Later today — after I've done laundry and eaten — I'll be at two events, both of which will have people who knew Dana. One is an already-planned-before-this comic shop event; one's a memorial for Dana. We will see how we are.

We'll see.

New Grief: another loss among my friends

Dana Thompson is gone.

She and I met through Trek in the Park, which she starred in as Uhura from the beginning in 2009. I and mutual friends of hers have been learning the news throughout today. I don't yet know anything beyond that she has died, apparently yesterday.

Dana performed not just as an actor but as a backup singer, a member of the local rock band Dartgun and the Vignettes. Her deep loves included her hometown of Kansas City, Missouri and David Bowie; I've been thinking of "Life on Mars?" because of her.

We grieve because we care; but, grief does not care about us.

Damnit. I miss you, Dana, and I'll be thinking about you.

A still life

The window in my bedroom in the house where I rent some space faces north. Before and during some of summer, the sun is far enough north in the morning and before sunset to stream into my room.

Here is that view, tonight, looking at my night stand. One of the items on the stand: my copy of the lovely, Neil Gaiman-scripted Batman comic "Whatever Happened to the Caped Crusader?"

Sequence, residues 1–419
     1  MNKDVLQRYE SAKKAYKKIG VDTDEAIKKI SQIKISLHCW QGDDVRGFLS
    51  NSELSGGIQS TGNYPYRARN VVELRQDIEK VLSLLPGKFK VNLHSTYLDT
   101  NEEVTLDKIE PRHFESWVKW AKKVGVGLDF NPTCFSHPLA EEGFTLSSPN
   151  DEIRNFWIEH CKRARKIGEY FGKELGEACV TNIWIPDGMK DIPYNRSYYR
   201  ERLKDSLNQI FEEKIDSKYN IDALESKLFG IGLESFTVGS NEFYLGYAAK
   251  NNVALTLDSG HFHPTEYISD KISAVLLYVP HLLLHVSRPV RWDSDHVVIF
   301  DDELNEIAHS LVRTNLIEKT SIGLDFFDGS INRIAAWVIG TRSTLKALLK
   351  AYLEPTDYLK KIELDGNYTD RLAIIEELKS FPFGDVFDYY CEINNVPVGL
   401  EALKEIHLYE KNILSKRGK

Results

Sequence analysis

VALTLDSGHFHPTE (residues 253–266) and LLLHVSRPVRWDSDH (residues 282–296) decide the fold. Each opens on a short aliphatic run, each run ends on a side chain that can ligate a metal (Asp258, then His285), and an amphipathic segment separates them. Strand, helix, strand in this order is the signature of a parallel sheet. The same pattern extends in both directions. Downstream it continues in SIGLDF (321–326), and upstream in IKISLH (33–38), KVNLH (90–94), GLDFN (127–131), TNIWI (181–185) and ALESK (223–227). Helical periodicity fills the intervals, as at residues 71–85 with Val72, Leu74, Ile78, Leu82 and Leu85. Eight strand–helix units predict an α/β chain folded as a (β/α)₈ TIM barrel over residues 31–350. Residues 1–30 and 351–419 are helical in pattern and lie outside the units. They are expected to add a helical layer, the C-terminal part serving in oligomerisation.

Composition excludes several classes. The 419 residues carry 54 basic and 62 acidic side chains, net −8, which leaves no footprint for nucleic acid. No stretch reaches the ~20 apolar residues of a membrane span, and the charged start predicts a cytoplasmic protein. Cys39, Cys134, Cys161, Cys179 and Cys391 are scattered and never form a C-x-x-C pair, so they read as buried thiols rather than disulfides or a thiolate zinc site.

A Coens-flavored world

I saw Raising Arizona first-run at Northern Virginia's Fair Oaks Mall in April 1987. I laughed one of the hardest, most sustained laughs I'd ever laughed up to that point, during the robbery/chase scene; I laughed hard enough to unsettle my stomach and start feeling a little sick. Luckily, I didn't get sick. Good first exposure to writer-directors Joel and Ethan Coen, I'll tell you.*

(Another time I laughed almost as hard at their work? When I first saw what happened to the ashes in The Big Lebowski.)

They're on my mind again. Two Saturdays ago I finally watched their 2010 adaptation of the Charles Portis novel True Grit, a year after I'd seen the 1960s adaptation starring John Wayne. (Friends had advised me "both are good; see the John Wayne version, then the Coens version.") There's quiet urgency to that film, existing side-by-side with eccentric touches and filtered through that dialogue — and then it gets loudly, grippingly urgent. And it should go without saying that the film's beautiful; I wonder if Roger Deakins, their Director of Photography since their fourth film in 1991, is capable of lighting and shooting a movie badly. I wish I'd gotten around to seeing it in theaters.